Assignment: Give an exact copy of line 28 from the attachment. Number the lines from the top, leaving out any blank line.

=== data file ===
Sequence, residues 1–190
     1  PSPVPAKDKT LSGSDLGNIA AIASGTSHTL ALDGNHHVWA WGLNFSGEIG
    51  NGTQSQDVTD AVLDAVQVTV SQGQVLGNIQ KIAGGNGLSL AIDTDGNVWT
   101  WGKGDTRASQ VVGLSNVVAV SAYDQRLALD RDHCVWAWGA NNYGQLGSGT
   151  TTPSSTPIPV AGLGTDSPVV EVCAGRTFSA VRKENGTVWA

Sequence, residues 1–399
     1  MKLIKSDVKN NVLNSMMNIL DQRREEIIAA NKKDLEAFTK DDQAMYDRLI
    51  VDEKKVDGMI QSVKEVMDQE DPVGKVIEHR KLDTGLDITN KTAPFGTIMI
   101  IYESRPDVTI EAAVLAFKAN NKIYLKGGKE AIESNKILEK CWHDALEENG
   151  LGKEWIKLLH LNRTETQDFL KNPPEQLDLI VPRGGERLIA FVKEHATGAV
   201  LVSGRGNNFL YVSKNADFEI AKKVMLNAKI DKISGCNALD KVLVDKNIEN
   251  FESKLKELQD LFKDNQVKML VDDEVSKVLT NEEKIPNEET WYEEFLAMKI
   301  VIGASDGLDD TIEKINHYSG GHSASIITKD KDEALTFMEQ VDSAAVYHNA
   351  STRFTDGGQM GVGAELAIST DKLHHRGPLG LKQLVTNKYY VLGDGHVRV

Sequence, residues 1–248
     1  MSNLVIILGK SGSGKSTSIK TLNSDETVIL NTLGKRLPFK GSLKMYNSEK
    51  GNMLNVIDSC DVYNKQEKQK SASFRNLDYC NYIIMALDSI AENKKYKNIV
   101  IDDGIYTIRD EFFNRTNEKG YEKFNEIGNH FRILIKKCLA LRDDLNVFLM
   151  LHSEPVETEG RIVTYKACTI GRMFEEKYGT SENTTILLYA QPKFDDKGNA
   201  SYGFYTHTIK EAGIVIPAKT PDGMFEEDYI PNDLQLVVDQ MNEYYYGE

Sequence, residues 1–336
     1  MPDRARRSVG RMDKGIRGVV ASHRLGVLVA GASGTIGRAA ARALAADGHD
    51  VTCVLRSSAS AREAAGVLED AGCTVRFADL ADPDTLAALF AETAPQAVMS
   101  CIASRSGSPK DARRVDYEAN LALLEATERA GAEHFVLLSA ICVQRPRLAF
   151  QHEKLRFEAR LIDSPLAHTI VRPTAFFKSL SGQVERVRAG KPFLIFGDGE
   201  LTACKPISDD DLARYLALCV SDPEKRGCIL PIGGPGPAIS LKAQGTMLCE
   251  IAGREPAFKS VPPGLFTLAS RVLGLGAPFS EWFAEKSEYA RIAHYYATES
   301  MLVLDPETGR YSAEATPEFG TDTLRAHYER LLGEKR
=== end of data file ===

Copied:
   301  MLVLDPETGR YSAEATPEFG TDTLRAHYER LLGEKR